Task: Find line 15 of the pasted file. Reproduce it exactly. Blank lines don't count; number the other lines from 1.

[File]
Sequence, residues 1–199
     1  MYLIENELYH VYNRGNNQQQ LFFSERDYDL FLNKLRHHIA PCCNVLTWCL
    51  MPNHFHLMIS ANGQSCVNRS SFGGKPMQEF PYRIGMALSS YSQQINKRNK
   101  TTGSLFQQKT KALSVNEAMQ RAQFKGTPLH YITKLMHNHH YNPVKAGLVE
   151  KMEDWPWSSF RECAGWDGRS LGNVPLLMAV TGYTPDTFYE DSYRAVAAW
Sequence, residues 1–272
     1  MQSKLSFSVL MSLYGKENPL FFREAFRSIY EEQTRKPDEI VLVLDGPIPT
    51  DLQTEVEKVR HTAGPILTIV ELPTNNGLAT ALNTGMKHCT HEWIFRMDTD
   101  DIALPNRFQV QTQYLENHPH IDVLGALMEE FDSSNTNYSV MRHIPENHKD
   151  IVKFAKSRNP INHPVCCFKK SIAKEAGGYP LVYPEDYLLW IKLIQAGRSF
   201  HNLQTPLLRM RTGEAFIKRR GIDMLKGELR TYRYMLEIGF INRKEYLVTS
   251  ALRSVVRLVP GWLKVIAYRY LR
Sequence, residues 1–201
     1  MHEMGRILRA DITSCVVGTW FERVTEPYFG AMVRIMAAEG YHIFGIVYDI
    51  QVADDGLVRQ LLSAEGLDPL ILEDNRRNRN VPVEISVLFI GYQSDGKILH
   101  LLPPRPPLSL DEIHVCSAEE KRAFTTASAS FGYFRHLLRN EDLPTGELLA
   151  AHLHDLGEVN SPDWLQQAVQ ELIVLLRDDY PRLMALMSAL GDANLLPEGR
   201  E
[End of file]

    51  QVADDGLVRQ LLSAEGLDPL ILEDNRRNRN VPVEISVLFI GYQSDGKILH